In anticipation of Emily Jiang's session, "Rethink Microservices", Richard Wallintin (WPS - Workplace Solutions) had a number of questions about her view on the microservices hype and her choice of frameworks for a modern and successful application development.
Your talk promises a critical view on the microservices hype. Do you believe there are widespread misconceptions on what microservices should be or were meant to be?
In my talk, I will explain the history of microservices and what microservices are, the misconception and the best practices for developing microservices. I will then talk about the future of microservices, especially now that serverless gains more popularity.
There are widespread misconceptions on what microservices should be. One common misconception was that microservices are the default answer to all kinds of problems. Microservice are about being independently managed and released. In order to adopt microservices, it is necessary to also involve cultural changes such as team size, organizational changes, etc. Monoliths are not evil, and there are good reasons for them to exist for a long time.
Regardless of what a “microservice” is or should be – what traits of systems (and frameworks) do you consider most crucial for successful application development today?
Successful application development must adopt Cloud Native technologies to ensure that the applications are configurable, resilient, secure, monitorable, and intelligent so that they can work well with the Cloud. With these requirements, the application development should adopt the Cloud Native standards, including MicroProfile and Jakarta EE, to ensure that Cloud Native best practices stay vendor neutral.
In the world of small, focused deployment units and containerization, is the choice of framework (e.g., Spring vs. Jakarta EE vs. MicroProfile) only an implementation detail? Which factors should teams take into account when making a decision?
The choice of framework matters a lot as you will need to ensure smaller deployment units and containerization. Jakarta EE and MicroProfile are complementary to each other. They are open source standards. If you choose these frameworks, you will have many runtimes to choose from, including Open Liberty, Wildfly, Payara, TomEE, etc. MicroProfile and Jakarta EE are Cloud Native standards while Spring is a library, which is only supported by Spring framework. If you don't want to look into any particular vendor, you should choose open source standards such as MicroProfile and Jakarta EE.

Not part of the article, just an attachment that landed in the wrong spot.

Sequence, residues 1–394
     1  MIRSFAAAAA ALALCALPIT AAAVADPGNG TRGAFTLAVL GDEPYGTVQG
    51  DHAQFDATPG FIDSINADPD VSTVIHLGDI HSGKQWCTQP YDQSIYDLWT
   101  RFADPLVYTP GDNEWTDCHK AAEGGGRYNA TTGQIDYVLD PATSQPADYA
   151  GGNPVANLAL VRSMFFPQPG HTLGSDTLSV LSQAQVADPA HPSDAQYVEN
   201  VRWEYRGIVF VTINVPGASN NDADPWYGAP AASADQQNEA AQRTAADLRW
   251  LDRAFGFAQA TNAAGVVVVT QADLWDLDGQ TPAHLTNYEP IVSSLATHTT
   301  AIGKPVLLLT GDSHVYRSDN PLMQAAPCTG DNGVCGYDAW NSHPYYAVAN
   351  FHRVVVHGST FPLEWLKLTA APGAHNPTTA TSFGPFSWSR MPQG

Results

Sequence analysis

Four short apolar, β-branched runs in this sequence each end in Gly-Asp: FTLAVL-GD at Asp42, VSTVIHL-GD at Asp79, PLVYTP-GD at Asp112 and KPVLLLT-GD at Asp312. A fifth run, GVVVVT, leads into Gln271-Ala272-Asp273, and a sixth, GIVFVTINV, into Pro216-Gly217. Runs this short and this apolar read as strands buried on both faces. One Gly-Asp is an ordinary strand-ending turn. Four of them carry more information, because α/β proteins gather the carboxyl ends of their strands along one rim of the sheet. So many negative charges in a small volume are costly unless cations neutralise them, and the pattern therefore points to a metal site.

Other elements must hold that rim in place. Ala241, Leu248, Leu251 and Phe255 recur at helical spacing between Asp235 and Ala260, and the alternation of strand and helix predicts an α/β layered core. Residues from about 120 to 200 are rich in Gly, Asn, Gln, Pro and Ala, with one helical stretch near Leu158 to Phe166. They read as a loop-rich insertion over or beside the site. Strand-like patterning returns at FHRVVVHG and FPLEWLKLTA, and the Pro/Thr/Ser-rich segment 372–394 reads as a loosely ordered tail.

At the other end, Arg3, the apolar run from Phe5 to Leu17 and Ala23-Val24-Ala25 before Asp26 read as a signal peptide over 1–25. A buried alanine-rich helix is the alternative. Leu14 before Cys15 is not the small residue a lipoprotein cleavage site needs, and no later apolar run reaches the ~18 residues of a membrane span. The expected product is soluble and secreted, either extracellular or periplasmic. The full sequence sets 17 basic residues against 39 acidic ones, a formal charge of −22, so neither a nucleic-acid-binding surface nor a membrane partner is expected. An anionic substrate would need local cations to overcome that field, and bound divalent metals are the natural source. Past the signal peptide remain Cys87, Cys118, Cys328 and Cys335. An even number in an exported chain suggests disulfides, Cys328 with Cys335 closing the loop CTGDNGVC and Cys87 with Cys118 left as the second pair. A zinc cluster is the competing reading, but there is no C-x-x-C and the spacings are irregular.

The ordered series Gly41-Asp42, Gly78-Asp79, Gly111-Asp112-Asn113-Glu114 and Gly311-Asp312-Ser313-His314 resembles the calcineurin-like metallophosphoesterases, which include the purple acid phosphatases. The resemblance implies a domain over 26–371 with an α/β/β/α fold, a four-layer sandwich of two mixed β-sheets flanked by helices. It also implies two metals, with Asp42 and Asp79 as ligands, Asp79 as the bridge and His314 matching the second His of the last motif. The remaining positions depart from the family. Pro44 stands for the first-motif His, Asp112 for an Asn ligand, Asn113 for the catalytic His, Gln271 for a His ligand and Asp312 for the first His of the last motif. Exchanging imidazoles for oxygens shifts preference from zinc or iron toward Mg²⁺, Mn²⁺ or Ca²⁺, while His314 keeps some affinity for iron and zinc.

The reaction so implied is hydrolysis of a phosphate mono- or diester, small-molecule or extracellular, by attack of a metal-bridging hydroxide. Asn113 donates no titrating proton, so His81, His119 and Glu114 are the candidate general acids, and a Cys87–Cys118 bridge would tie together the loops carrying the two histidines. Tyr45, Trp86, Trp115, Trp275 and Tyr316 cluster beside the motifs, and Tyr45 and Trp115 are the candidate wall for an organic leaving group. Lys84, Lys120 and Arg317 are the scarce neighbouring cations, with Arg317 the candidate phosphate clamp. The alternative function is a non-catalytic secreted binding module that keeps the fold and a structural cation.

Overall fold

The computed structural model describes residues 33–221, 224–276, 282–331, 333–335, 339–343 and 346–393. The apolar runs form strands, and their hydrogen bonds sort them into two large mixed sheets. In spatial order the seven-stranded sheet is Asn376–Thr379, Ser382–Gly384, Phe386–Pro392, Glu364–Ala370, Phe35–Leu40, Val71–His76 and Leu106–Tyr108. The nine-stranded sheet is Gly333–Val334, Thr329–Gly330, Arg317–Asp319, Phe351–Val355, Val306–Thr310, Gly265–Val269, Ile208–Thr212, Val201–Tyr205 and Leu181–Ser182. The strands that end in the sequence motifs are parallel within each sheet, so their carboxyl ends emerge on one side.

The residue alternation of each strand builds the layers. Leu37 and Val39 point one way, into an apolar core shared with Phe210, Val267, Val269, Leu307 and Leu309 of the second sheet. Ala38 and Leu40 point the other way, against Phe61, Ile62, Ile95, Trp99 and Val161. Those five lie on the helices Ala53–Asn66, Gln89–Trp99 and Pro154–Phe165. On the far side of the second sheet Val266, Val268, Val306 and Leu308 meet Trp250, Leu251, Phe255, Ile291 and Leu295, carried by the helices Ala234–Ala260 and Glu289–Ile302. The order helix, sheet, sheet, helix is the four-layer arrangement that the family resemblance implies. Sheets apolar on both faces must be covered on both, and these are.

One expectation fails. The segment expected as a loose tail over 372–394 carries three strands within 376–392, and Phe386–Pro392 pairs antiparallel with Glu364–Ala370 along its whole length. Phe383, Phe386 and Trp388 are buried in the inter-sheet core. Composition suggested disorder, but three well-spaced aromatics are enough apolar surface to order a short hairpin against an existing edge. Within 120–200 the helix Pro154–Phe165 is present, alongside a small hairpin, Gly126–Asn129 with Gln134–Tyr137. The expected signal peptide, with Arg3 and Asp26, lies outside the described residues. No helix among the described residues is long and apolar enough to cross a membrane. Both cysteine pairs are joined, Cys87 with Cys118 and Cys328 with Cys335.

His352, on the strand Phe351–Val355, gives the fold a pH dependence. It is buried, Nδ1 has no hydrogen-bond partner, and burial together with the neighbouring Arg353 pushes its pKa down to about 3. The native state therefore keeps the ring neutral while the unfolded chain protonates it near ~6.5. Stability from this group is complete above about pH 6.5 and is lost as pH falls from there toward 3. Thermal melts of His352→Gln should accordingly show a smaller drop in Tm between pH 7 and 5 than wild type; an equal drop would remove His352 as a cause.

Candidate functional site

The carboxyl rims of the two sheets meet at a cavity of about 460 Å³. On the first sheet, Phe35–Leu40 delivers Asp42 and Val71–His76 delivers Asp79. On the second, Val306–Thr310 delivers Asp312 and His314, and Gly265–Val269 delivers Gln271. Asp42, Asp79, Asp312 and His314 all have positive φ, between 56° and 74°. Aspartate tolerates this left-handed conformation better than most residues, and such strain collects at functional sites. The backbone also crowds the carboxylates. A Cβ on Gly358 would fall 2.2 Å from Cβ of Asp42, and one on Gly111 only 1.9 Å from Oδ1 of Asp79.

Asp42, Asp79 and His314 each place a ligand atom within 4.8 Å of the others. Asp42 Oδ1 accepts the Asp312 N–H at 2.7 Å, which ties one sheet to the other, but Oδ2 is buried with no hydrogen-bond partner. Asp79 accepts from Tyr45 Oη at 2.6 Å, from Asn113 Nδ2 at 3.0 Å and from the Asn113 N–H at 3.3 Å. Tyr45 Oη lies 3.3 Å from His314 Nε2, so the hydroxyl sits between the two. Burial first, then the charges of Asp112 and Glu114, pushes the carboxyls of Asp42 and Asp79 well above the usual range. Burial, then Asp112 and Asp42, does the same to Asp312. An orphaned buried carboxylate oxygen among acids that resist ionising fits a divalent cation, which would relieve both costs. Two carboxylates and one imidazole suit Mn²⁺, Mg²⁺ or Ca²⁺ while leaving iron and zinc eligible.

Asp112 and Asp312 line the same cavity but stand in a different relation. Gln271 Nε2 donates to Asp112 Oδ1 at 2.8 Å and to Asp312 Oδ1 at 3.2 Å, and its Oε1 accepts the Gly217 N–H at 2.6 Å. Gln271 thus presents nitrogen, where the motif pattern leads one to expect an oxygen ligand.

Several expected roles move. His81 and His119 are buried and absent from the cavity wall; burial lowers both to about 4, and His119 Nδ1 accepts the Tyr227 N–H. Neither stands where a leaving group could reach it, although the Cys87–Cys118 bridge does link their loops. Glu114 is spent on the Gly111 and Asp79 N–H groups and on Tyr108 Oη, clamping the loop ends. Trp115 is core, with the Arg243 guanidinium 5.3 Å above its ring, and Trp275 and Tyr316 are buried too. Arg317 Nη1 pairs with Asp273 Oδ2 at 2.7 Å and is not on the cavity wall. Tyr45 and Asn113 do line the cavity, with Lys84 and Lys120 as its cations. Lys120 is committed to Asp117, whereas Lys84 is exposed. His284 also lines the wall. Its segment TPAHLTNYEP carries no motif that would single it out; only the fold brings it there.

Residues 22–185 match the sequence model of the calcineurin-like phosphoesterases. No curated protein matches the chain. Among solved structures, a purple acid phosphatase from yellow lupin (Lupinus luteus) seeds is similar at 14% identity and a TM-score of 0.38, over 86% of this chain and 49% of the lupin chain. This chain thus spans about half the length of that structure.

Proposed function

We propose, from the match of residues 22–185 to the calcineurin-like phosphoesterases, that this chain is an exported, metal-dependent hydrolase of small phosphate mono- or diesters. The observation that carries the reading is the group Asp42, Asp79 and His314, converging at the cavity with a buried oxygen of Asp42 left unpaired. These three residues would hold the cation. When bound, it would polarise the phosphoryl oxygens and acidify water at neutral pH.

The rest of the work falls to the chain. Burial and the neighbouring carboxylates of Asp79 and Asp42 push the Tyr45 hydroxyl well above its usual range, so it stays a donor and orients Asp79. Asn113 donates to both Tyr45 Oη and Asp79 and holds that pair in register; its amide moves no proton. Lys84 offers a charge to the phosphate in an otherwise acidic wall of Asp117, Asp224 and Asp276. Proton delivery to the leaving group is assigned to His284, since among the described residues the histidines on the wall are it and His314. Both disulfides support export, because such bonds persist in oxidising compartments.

Looking at the list of specs in MicroProfile, technical runtime/operations support is well represented (tracing, metrics, health, fault tolerance, config). Is this the key benefit of MicroProfile, or are there other pillars of equal importance?
MicroProfile is a community driven project. It offers a mature programming model for developing Cloud Native applications. Community involvement and feedback are very important to the success of MicroProfile. Please connect with the MicroProfile community by subscribing to MicroProfile googlegroup.
Follow-Up-Question: How do MicroProfile and the Jakarta EE Web Profile influence each other? Are Tracing, Metrics, Health etc. likely to appear in the Jakarta EE stack?
MicroProfile adopts Jakarta EE Core Profile, which is a smaller new profile introduced in Jakarta EE 10 for MicroProfile's usage. MicroProfile and Jakarta EE Web Profile or Platform are complementary to each other. MicroProfile aligns with Jakarta EE technologies. At the moment, there is no plan to move MicroProfile technologies to Jakarta EE because end users can easily use MicroProfile and Jakarta EE together. Quite a few companies, including IBM, Red Hat, Oracle, Tomitribe, Microsoft, and Fujitsu, support both communities.